69-year-old Michael Thompson, who in 1994 was sentenced to 40-60 years in prison for nonviolent cannabis crimes, will receive a public hearing from the Michigan Parole Board on November 17.
His parole efforts are supported by the state attorney general, local prosecutors, politicians, and over 125,000 people who signed a petition calling for his release.
Thompson, who has already served 25 years of his sentence, was originally arrested and jailed for the sale of three pounds of cannabis. When police raided his home, however, they found firearms, which resulted in a significantly lengthier prison sentence.
During his incarceration, Thompson’s mother, father, and only son have passed away. His mother’s last wish was that he would not die in prison. Thompson, who has diabetes, was hospitalized in August with a COVID-19 diagnosis.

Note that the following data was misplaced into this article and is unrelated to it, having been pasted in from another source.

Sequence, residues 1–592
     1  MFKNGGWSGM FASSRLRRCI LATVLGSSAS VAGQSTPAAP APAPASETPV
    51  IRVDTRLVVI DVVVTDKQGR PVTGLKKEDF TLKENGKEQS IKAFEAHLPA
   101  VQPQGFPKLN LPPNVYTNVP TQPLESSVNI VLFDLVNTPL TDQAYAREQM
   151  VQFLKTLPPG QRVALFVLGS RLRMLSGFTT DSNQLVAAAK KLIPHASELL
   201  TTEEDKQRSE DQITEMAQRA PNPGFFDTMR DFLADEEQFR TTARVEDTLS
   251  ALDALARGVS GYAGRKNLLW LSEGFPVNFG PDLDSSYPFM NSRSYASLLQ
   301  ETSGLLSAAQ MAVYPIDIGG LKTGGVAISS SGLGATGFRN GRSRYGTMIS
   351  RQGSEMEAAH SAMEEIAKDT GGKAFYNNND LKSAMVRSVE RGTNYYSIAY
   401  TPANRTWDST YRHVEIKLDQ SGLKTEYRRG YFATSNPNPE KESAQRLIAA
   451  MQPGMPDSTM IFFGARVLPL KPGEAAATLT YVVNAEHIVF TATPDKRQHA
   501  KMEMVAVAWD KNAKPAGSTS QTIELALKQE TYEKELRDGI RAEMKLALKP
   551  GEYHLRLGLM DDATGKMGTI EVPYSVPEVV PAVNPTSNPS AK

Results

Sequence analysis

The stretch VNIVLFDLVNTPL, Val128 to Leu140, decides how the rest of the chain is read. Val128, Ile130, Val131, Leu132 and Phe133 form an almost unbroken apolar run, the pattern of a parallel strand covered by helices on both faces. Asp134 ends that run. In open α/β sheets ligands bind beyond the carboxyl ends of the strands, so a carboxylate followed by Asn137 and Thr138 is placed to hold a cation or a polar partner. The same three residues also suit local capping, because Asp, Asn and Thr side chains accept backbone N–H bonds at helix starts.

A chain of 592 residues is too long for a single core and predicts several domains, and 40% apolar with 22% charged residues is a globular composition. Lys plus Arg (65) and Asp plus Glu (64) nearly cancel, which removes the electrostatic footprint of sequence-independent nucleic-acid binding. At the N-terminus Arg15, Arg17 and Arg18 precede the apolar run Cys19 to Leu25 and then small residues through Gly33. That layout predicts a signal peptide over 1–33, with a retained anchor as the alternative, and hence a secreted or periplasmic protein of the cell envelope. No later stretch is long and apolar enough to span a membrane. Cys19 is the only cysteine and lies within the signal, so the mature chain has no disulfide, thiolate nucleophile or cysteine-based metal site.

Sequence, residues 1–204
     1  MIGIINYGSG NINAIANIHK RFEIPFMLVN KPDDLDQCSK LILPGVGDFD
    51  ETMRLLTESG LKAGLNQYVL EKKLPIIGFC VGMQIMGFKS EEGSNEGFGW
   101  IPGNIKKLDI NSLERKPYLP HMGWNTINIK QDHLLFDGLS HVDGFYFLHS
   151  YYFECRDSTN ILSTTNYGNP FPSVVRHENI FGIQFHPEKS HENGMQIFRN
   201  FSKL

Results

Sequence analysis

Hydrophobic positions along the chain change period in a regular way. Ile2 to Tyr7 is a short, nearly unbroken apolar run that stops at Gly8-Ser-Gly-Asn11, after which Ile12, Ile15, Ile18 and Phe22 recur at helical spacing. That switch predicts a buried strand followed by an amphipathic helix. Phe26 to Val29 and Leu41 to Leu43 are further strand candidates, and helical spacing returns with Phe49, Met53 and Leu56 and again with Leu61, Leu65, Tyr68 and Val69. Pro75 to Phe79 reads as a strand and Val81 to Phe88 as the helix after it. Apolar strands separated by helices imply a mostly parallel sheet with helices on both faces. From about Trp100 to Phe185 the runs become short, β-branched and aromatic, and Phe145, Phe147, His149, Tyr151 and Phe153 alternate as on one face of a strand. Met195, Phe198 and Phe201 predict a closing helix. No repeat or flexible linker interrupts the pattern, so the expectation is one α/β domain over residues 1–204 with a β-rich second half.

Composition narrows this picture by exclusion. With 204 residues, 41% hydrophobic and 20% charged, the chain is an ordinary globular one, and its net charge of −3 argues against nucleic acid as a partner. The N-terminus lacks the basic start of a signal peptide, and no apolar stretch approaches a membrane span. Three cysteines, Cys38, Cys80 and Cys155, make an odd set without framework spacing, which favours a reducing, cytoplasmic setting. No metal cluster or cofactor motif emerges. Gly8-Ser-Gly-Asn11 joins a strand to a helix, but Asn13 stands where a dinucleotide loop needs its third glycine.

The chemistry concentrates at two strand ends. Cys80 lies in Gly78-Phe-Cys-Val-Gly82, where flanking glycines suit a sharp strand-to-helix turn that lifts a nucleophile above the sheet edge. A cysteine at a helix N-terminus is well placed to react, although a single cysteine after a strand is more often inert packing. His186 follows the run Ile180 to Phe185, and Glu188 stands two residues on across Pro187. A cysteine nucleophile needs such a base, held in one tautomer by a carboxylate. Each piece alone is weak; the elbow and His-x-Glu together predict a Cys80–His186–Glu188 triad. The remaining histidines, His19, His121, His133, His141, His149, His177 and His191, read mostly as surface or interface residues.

“Given the health risks Michael is facing as a 69-year-old with pre-existing conditions recovering from COVID-19, we hope the parole board and the Governor’s office will act as expeditiously as possible to release Michael. However, we are heartened that the process is moving forward with the scheduling of a public hearing, the last procedural hurdle before the Governor can grant clemency.” — Sarah Gersten, Executive Director & General Counsel for the Last Prisoner Project
Michigan Gov. Gretchen Whitmer (D) has stated she supports cannabis reforms and recently signed into law a bill to automatically expunge cannabis convictions that would no longer be considered illegal under the state’s cannabis legalization policies.
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